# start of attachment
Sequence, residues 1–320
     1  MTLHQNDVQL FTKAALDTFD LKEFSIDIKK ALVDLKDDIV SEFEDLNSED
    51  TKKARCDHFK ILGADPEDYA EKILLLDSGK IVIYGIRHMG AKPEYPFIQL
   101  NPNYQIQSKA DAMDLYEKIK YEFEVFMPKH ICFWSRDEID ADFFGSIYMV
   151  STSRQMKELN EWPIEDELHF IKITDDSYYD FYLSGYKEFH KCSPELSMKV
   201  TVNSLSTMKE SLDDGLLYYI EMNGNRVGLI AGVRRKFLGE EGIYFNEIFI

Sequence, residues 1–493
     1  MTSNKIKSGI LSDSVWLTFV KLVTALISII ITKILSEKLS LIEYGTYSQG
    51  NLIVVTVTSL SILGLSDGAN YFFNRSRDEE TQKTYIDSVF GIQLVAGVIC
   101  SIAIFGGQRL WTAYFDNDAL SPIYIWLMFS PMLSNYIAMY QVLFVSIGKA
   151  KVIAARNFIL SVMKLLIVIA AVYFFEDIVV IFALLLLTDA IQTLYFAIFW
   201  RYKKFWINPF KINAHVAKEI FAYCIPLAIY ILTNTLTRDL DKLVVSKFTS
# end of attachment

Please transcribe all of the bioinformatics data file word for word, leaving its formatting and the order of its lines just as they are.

Sequence, residues 1–320
     1  MTLHQNDVQL FTKAALDTFD LKEFSIDIKK ALVDLKDDIV SEFEDLNSED
    51  TKKARCDHFK ILGADPEDYA EKILLLDSGK IVIYGIRHMG AKPEYPFIQL
   101  NPNYQIQSKA DAMDLYEKIK YEFEVFMPKH ICFWSRDEID ADFFGSIYMV
   151  STSRQMKELN EWPIEDELHF IKITDDSYYD FYLSGYKEFH KCSPELSMKV
   201  TVNSLSTMKE SLDDGLLYYI EMNGNRVGLI AGVRRKFLGE EGIYFNEIFI

Sequence, residues 1–493
     1  MTSNKIKSGI LSDSVWLTFV KLVTALISII ITKILSEKLS LIEYGTYSQG
    51  NLIVVTVTSL SILGLSDGAN YFFNRSRDEE TQKTYIDSVF GIQLVAGVIC
   101  SIAIFGGQRL WTAYFDNDAL SPIYIWLMFS PMLSNYIAMY QVLFVSIGKA
   151  KVIAARNFIL SVMKLLIVIA AVYFFEDIVV IFALLLLTDA IQTLYFAIFW
   201  RYKKFWINPF KINAHVAKEI FAYCIPLAIY ILTNTLTRDL DKLVVSKFTS